2017
Participant Survey

Industry Trends

RESPONDENTS

Gender

Age

Total Retirement Savings

Household Income

Employer Size

Highest Educational Achievement

OVERALL

Household Finances

48%
57%
33%
39%
Has family budget
Has emergency fund
Is paying off student loan(s)
Uses a financial adviser

Actions Taken in Prior 12 Months

41%
16%
13%
13%
Increased deferral rate
Changed asset–allocation strategy
Rebalanced account
Calculated retirement income

Expected Retirement Age

30%
45%
25%
65 or earlier
65 – 70
70 and after

Deferral Rate

35%
40%
22%
<6%
6% – 10%
>10%

Participants With >10% Deferral Rate, by Age

17%
21%
30%
<30 years old
30 – 50 years old
>50 years old

Participants Who Use a Financial Adviser, By Retirement Savings

15%
48%
60%
<$50k retirement savings
$50k – $250k retirement savings
>$250k retirement savings

Likelihood That Employees Not Covered by a DC Plan Would
Participate in One if It Were Available

75%
18%
7%
Likely to participate
Unlikely to participate
Unsure

Households with Total Retirement Savings <$50,000,
by Household Income

78%
31%
11%
<$50k household income
$50k – $100k household income
>$100k household income

Participants Deferring >6% of Salary, Total Household Income

28%
48%
70%
<$50k household income
$50k – $100k household income
>$100k household income

How Would You Prefer to Receive Information
on Financial Wellness?

16%
15%
21%
21%
27%
Read a short brochure with 3 – 5 actionable steps
Attend a 90–minute group seminar
Read newsletter via email
Browse an interactive, online library
Meet with an adviser for 30 minutes

Participant Trade-offs: What tips the scale in hard benefits decisions?

Present value. Historically, respondents have been somewhat neutral when asked to choose between a one-time $5,000 bonus and a one-time $5,000 contribution to their 401(k), but this year 57% preferred the bonus—up from 47% in 2016. The preference was strongest, near 70%, among younger participants—those 23 through 39 years old. Among 40- through 59-year-olds, the response was more mixed—approximately 50%—dropping to 32% for those 60 or older.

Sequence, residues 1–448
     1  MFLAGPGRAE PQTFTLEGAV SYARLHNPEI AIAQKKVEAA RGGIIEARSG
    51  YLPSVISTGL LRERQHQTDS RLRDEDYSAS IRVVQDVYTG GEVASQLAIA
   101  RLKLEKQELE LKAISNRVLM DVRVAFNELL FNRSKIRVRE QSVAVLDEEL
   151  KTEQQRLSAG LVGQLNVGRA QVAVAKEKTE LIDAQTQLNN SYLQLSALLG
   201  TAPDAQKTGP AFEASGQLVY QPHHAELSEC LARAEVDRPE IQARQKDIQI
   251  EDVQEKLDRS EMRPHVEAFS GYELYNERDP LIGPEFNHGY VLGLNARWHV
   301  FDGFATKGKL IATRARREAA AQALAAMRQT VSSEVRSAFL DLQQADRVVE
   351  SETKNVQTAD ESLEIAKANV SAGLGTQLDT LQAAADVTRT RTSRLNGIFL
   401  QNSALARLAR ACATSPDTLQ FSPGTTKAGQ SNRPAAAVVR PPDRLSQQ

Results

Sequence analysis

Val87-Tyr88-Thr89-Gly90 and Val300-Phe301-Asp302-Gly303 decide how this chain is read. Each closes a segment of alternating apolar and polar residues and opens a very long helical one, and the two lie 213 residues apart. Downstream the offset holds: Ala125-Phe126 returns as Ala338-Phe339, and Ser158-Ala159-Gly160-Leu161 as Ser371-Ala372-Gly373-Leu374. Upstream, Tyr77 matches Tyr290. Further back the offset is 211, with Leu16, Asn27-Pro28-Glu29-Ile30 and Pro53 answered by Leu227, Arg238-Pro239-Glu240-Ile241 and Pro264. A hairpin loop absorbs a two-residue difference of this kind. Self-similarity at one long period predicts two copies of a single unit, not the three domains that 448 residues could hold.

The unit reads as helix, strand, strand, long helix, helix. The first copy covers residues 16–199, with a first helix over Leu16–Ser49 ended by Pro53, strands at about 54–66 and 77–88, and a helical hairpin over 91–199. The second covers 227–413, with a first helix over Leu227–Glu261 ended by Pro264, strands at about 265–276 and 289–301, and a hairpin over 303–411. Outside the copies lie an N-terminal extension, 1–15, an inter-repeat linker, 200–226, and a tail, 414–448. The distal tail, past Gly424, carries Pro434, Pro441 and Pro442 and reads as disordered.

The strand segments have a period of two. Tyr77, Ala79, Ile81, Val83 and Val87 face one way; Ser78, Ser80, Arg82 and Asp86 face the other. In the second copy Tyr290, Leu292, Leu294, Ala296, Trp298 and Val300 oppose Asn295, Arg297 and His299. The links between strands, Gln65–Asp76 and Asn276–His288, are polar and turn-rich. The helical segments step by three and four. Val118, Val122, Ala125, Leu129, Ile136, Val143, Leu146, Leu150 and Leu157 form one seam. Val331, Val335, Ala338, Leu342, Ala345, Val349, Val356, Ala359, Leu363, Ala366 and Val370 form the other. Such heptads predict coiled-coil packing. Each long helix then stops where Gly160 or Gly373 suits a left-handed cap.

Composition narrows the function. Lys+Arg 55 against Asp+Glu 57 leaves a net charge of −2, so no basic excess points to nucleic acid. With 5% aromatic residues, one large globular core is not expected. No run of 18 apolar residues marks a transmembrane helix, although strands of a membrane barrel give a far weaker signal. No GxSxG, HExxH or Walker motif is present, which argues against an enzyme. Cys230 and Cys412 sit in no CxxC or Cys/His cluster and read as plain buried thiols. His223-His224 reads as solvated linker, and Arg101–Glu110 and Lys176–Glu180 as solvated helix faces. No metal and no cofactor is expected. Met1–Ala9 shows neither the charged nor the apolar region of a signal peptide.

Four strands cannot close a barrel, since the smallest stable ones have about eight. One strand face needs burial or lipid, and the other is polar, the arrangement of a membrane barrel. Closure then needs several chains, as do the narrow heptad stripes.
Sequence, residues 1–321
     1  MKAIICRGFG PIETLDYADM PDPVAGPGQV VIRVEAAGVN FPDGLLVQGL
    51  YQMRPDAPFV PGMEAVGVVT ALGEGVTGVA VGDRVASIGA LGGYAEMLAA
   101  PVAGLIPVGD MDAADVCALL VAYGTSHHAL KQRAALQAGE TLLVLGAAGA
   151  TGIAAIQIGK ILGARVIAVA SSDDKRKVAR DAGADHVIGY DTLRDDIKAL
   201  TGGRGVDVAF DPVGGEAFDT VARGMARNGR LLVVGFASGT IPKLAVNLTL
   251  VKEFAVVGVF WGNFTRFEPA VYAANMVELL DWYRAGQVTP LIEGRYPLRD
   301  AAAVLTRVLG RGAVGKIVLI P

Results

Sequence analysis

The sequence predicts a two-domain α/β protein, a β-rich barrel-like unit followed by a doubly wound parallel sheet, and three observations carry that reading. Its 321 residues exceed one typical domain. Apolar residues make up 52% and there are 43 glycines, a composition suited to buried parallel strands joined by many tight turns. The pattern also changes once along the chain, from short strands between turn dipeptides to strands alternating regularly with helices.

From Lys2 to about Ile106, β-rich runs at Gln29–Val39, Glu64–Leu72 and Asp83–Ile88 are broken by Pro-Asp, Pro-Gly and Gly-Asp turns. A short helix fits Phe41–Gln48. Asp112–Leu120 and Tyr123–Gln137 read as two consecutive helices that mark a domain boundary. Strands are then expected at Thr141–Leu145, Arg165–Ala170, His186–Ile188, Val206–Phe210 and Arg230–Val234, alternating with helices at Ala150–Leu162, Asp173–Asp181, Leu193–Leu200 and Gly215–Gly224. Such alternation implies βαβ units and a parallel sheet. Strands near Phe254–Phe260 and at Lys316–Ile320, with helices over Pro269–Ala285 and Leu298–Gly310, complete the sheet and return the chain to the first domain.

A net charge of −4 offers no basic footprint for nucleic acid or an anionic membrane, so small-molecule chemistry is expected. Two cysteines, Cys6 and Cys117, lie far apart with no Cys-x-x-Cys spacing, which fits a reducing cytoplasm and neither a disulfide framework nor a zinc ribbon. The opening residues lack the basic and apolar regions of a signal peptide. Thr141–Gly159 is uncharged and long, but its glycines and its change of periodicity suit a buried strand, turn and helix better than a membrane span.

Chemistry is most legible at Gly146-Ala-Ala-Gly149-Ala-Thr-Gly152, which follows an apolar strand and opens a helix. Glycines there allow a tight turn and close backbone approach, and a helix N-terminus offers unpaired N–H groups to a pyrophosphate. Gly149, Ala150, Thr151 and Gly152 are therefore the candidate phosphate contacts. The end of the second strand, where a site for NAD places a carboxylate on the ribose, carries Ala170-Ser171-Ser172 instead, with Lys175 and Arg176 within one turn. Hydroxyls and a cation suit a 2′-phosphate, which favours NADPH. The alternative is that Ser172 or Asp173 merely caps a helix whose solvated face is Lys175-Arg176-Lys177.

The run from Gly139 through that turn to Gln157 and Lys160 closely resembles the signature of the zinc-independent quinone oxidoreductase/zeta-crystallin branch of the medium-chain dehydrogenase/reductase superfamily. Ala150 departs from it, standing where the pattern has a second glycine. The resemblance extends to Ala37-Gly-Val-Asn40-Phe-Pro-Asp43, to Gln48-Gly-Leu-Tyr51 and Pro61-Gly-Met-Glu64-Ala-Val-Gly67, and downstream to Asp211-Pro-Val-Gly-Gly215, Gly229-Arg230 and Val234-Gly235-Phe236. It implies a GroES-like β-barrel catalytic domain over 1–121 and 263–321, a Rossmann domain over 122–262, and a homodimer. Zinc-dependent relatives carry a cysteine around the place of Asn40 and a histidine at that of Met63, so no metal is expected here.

Immediate gratification. Respondents showed an equally strong preference for immediate payouts vs. deferred annuities, with 61% preferring a one-time, immediate $10,000 contribution to their 401(k) over a guaranteed $200 a month payment for life starting at age 65. While actuarial forecasts would assign much greater value to the annuity as people approach 65, all age groups—including participants over 60—preferred the immediate contribution.

Size Matters. Investment advice comes in many forms, ranging from online tools that offer personalized advice via home computer to in-person meetings with a financial adviser. When asked whether they would rather get advice online or in-person for a fictional $10,000 account, 52% of respondents selected online advice. But that number dropped to 39% for a fictional $100,000 account. Household income and retirement savings also play a role, as those with under $25,000 in household income or retirement savings were almost twice as apt to choose help from a live adviser for their fictional $10,000 or $100,000 account. —BOK